As a newbie myself I am finding I can’t seem to get enough clamps. Make sure you stock up well on these. Since nicer Jorgensen and Bessy clamps will easily spend your money and leave you with nothing else, I’ve personally stocked up on the bar clamps available at Harbor Freight. Each time I go in I get at least 1. They have served me well in my first few months.
Also, Craigslist is your best friend. I have an app with saved searches and I get alerts when something posts. The good deals go fast but they do exist. I recommend just hawking over Craigslist for any tool you need now and ones you know you will need in the future. This is also how I plan to obtain the higher end clamps. A guy recently posted a “lot of wood clamps” that turned out to all be Bessy and Jorgensen clamps for $5 each. I missed out but that’s the nature of Craigslist, you win some you lose a lot.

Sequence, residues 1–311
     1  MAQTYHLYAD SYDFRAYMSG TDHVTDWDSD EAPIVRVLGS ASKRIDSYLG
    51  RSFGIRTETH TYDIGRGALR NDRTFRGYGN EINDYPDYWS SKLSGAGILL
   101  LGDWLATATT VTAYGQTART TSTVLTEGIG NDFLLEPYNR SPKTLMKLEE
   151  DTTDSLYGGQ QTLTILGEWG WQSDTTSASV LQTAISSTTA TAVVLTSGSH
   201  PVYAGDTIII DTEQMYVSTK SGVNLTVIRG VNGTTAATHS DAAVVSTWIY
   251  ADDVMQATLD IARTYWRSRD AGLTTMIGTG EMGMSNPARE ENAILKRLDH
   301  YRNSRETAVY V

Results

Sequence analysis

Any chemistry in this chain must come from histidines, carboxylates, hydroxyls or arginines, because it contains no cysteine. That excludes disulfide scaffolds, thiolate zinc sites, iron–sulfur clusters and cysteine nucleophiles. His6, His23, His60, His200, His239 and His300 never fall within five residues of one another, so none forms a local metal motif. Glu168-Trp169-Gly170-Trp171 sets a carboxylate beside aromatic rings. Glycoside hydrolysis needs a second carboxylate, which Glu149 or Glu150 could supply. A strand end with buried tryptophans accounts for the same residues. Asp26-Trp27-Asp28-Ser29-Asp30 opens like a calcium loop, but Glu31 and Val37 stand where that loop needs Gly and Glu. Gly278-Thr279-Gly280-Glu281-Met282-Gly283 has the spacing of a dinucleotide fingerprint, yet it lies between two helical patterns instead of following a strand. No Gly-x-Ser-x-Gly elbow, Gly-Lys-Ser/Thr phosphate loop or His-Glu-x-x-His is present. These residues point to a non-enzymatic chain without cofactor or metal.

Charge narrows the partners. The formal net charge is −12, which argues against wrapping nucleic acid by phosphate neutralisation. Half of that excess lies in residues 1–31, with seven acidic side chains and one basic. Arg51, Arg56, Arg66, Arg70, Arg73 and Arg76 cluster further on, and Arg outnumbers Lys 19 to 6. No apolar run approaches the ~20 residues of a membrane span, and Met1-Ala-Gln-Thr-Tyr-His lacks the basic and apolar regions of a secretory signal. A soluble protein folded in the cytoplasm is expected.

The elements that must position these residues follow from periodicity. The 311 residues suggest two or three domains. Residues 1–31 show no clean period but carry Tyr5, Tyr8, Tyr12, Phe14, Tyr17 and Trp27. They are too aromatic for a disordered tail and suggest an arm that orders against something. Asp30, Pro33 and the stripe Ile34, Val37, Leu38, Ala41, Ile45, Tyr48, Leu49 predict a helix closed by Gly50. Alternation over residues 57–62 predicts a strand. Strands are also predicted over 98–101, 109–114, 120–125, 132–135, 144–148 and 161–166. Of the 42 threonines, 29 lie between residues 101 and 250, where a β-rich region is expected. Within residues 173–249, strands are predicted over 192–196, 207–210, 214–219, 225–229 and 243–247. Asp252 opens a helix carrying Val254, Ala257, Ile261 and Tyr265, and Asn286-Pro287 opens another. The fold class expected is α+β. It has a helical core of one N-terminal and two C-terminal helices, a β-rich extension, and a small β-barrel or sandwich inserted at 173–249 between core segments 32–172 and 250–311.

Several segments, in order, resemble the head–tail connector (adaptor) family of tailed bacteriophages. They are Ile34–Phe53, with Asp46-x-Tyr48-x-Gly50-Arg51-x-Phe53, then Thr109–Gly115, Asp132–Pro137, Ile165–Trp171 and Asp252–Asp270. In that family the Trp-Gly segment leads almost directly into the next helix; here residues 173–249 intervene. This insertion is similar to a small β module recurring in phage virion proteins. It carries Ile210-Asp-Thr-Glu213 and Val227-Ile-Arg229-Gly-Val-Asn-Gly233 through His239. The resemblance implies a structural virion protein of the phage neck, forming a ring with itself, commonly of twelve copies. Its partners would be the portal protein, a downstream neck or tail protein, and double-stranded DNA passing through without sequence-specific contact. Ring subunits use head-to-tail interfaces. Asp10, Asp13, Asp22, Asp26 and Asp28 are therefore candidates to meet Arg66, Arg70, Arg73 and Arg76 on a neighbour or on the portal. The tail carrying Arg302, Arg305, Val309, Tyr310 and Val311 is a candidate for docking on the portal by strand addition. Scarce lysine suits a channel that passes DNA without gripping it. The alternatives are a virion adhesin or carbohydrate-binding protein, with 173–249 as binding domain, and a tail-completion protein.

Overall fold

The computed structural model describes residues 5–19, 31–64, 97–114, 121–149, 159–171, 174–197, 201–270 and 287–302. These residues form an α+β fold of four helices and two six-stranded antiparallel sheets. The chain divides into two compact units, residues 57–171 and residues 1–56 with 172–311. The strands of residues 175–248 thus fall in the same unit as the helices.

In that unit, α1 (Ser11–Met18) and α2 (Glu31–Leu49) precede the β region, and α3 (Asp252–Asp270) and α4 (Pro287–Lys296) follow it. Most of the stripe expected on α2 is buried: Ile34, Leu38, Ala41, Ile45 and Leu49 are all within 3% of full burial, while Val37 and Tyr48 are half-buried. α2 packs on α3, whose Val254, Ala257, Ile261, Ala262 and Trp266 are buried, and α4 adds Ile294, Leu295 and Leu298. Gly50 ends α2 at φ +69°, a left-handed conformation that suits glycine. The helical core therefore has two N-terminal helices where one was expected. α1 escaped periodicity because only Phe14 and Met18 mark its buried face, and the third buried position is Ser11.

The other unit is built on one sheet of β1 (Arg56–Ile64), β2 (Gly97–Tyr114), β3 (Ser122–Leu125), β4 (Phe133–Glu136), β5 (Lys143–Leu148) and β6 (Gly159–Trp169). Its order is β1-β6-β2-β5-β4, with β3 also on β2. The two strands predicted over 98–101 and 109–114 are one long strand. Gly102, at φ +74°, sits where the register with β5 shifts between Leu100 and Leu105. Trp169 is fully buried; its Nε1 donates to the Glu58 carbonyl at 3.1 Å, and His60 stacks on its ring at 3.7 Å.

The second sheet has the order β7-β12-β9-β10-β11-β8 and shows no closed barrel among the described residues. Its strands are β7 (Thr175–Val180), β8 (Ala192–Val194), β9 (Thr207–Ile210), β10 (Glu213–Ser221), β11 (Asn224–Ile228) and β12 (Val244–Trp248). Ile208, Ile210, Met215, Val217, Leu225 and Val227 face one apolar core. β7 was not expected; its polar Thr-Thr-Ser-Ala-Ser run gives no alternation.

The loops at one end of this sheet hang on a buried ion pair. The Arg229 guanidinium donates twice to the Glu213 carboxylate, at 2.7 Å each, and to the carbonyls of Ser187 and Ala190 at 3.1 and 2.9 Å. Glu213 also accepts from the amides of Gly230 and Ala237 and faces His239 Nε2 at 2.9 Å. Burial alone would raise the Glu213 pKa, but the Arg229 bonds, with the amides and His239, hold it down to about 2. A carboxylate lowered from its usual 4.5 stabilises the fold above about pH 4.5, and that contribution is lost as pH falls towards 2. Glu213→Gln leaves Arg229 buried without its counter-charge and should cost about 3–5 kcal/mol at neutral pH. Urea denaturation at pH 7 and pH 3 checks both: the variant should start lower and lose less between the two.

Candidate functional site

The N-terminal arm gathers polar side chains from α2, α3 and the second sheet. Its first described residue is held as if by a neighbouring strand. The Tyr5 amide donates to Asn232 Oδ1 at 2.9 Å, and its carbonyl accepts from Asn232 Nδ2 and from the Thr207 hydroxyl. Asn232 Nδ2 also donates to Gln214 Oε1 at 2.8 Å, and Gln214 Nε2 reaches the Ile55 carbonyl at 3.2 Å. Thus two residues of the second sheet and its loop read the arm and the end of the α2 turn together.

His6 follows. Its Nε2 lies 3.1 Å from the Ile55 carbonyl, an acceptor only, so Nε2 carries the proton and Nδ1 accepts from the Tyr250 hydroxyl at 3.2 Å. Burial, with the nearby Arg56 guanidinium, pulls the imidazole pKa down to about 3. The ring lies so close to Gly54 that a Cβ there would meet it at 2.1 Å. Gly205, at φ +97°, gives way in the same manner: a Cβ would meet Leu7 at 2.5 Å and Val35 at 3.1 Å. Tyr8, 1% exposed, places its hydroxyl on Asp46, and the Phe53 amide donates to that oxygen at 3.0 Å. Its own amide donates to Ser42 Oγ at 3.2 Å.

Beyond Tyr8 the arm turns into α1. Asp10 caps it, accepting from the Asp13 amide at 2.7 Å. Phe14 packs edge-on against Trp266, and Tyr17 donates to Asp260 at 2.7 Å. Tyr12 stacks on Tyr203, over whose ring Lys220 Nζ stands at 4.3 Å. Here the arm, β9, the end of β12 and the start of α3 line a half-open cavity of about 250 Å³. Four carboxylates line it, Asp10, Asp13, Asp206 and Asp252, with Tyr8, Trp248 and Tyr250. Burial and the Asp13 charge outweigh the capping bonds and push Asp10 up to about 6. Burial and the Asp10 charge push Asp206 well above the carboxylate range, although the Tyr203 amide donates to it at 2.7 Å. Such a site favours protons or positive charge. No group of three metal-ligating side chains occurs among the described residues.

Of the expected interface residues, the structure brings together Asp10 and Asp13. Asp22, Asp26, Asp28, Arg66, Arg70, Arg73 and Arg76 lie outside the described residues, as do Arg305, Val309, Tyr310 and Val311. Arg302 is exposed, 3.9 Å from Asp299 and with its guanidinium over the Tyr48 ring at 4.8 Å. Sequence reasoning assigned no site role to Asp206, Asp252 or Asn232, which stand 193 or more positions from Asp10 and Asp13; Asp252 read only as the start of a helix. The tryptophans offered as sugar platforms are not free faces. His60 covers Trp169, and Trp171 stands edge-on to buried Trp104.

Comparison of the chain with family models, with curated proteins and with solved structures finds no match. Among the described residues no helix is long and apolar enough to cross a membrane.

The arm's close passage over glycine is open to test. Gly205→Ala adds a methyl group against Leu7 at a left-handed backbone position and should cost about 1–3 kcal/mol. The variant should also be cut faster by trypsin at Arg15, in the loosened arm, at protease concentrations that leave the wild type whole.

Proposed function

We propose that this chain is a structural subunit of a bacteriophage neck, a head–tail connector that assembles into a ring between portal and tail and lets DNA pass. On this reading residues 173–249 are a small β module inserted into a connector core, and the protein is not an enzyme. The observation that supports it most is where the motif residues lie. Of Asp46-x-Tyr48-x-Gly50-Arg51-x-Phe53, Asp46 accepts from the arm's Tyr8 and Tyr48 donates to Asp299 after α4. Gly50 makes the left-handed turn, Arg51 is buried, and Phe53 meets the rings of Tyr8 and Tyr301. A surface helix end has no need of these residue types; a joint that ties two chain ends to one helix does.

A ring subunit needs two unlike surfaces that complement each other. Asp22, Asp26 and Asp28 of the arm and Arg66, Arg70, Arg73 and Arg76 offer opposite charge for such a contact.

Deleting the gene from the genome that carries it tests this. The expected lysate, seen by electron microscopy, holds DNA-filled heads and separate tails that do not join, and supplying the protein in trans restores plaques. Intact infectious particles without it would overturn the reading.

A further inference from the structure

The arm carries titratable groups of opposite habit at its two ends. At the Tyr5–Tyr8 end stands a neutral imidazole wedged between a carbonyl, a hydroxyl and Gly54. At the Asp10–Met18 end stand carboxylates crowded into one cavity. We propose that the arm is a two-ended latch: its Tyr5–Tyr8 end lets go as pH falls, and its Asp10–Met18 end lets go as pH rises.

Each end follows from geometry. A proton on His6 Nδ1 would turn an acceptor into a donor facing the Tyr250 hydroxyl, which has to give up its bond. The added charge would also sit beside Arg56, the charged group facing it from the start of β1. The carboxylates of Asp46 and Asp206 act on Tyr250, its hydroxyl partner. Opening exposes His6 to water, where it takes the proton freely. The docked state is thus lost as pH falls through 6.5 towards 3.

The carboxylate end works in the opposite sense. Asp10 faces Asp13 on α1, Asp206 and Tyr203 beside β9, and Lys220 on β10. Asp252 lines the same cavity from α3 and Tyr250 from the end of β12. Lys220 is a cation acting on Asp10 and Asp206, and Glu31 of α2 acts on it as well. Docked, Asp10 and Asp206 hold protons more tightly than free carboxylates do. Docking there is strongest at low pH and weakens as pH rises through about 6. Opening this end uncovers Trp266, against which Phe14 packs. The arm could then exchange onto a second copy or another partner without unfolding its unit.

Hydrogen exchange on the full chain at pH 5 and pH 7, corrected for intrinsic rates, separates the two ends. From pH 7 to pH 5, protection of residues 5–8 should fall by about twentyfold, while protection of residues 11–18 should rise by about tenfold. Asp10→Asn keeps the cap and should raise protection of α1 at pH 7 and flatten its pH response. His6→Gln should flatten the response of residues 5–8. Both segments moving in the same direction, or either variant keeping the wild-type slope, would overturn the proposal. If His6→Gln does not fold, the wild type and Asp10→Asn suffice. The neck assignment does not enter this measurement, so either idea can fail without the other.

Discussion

Good luck and welcome to LJ, everyone here is massively helpful, I’ve never asked a question that went unanswered.

-- Don't think outside the box. Think as if there is no box at all.

View Coel's profile


49 posts in 2251 days

#4 posted 01-22-2015 01:32 PM

I have screw drivers and wrenches and pliers. I also have a corded and cordless drill, circular saw, jig saw, and have a mitre saw on loan with no return date. I have some clamps and am going to get more from HF.

-- -- Dave

View JohnChung's profile


421 posts in 3089 days

#5 posted 01-22-2015 02:22 PM

What projects are you starting with? Solid wood or ply wood?

View NinjaAssassin's profile


656 posts in 2739 days